Singapore is one of the more developed, and subsequently, more expensive islands than several others within the southeast Asia region. With that said, this is still SE Asia we’re talking about. Many of the costs are more reasonable than you’d imagine and likely cheaper than what you’re used to. To prepare you for a possible move to Singapore here is some advice on how to budget to live a life there.
What’s Less Expensive in Singapore?
There is usually far greater flexibility on the basic cost of living than a luxurious lifestyle in SE Asia. This is also true in Singapore; however, the minimum for an acceptable standard of living for one person is still higher than in other Asian countries such as Vietnam or Thailand. Malaysia is more comparable when it comes to the cost of living.
If you wish to avoid housework and regularly hire maids, you’ll be pleased to hear that hiring one is very affordable. Also, if you like cooking at home, local produce is affordable even though the restaurants are sometimes a little pricey depending on where you dine.
When you don’t own a motorbike or scooter and instead rely on taxis, these aren’t expensive either. So, anyone who’s a night owl wishing to drink and not drive, or doesn’t drive, will be pleased to hear that.
Single Expats Live Less Expensively Than Expat Families
Life in Singapore has become considerably more expensive for couples, but even more so for expat families. The city and what area you choose to stay in also play a major role in the costs. For city dwellers who love to live in the heart of the action, a 2-bedroom, 950 square foot apartment is likely to set you back SGD 6,000+ (US$4,000) a month. A smaller two-bedroom rental near shopping centers can shave off 10-15% of that cost. Staying a little farther out reduces the costs considerably. This is more suitable for expats who don’t hit the nightlife options too often.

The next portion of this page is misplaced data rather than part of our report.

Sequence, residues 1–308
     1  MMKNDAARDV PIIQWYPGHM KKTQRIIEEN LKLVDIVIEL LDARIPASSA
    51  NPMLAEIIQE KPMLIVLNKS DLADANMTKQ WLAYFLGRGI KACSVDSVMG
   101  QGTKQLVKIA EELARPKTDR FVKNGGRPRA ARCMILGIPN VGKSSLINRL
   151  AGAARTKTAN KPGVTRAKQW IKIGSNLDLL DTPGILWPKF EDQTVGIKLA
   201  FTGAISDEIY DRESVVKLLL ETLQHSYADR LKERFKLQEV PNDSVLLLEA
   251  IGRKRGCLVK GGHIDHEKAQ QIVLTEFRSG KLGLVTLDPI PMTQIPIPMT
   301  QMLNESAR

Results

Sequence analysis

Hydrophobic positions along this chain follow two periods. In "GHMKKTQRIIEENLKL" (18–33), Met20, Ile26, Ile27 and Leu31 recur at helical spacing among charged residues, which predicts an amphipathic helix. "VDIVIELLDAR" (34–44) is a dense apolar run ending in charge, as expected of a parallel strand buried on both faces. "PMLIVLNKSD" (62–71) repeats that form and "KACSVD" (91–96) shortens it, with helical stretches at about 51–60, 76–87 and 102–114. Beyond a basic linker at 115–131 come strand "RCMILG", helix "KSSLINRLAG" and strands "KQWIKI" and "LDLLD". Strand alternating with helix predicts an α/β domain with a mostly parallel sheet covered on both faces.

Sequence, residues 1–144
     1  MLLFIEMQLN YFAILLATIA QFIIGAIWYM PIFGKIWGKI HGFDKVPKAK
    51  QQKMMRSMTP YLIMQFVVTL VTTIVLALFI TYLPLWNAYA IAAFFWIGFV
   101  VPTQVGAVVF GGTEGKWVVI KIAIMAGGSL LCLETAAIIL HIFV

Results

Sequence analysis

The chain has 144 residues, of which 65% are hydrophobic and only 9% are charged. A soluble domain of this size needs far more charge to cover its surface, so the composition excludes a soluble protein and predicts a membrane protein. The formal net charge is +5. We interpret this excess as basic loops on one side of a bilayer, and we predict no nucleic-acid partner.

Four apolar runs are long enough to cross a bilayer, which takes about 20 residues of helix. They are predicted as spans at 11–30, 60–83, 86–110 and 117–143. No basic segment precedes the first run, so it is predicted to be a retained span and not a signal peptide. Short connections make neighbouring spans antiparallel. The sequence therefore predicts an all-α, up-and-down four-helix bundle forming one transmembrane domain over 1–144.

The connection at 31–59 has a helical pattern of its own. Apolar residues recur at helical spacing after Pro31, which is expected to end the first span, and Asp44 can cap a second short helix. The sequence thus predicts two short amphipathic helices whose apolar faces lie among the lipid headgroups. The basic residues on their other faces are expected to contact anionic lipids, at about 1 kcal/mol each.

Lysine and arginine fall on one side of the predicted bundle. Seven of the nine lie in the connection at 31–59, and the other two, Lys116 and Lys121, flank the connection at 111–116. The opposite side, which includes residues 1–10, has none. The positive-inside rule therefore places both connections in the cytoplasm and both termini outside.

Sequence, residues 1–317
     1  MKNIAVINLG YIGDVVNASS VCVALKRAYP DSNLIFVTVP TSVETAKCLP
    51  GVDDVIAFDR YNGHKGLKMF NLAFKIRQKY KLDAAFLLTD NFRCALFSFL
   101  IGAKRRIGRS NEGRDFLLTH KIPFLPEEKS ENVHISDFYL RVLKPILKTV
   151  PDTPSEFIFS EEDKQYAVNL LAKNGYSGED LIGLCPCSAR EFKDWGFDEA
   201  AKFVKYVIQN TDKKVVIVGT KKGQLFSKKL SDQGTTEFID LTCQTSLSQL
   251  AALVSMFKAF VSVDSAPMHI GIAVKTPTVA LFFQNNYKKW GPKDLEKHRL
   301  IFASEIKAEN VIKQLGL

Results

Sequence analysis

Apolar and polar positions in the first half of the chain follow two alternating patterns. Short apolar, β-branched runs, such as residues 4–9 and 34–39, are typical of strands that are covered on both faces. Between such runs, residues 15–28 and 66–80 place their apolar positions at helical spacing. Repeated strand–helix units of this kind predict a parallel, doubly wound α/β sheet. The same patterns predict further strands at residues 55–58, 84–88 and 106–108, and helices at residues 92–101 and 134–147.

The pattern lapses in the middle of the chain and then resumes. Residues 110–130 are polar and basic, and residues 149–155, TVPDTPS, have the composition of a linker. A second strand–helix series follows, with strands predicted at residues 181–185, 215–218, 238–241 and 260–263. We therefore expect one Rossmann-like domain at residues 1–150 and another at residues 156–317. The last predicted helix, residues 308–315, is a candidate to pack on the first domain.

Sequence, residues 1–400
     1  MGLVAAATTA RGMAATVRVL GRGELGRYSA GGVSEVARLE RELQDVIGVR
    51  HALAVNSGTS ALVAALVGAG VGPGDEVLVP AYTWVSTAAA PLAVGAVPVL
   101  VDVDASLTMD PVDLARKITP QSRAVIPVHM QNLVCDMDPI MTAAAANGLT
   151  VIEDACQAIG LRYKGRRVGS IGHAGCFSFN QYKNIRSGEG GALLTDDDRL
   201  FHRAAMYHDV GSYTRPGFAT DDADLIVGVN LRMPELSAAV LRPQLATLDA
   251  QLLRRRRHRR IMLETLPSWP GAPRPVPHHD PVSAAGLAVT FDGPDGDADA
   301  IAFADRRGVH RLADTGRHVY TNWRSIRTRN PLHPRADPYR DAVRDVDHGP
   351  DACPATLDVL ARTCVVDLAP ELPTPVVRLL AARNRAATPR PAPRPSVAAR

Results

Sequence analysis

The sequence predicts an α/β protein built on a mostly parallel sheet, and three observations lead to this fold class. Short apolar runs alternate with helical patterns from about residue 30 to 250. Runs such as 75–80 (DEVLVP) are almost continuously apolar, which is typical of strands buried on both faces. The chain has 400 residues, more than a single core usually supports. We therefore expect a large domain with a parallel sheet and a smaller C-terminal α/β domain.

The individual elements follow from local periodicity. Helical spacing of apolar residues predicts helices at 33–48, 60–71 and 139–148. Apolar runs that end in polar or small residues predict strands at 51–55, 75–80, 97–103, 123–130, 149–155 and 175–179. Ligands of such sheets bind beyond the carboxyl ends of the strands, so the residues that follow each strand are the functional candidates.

By comparison, families needing to live near international schools will find 3 or 4-bedroom houses renting for SGD 8,000+ (US$6,000) a month. To be located near an American school specifically may cost even more.
Planning to Buy? Figure Out the Mortgage Costs First
There can be considerable cost savings when purchasing a home in Singapore instead of throwing money away on rent. Once you’ve set your sights on a certain property, use this loan calculator from PropertyGuru to get a clearer idea of how much you’ll pay each month. They can also guide you through the acquisition process, making it go a lot more smoothly with less frustration.
Major Costs in Singapore
Here is a rundown of some basic costs of life in Singapore:
Utilities are more expensive than in other parts of Asia, except the Philippines. If you can survive with fans and not use the AC, the costs are far reduced. However, when you run the AC generously, the monthly bill could reach SGD 300-400 (US$ 200-280) or more with expansive properties.
Internet and TV
Fiber optic internet is often bundled with a TV service from Starhub or Singtel providers. The connection speeds are some of the best in the world. Basic fiber can cost around SGD 155 (US$ 103), depending on the speed. Beyond the basic TV package, movie bundles are extra or use a streaming service like Netflix.
Getting a gym membership becomes more necessary if you’re into fitness. It’s sufficiently hot and humid outdoors that exercising inside an AC gym is highly desirable. Several major gym chains are scattered around. The prices range for single-day use for a few dollars to over SGD 100 (US$ 65) monthly for premium options.
Food and Eating Out
Eating in is considerably less expensive than regularly dining out. There’s less of a hawker-style stall environment on the clean streets of Singapore, though there are hawker markets which are the next best thing. The food bill can easily be SGD 250-450 (US$ 160-300) per week. Visiting supermarkets like Giant keeps the costs down to acceptable levels. The sky is the limit with eating out here. However, good meals may cost around SGD 200 (US$ 130) for a couple on a date.
A visa on arrival option is usually good for a 90-day stay. If you plan to live and work in Singapore for a lengthy period, a visa will be needed and a working permit. Once the visa is in hand, the working permit application fee and an issuance cost are approximately SGD 330 (US$ 220), but it lasts for several years.
Overall, depending on how you live back home, Singapore can be afforded at a similar or reduced cost. Staying outside of a CBD or popular area dramatically reduces the expenses. Also, if you eat at more basic places and aren’t out every night, the living costs decline noticeably. Lifestyle choices play a major part in the cost of life in Singapore.
Featured Image by Jason Goh from Pixabay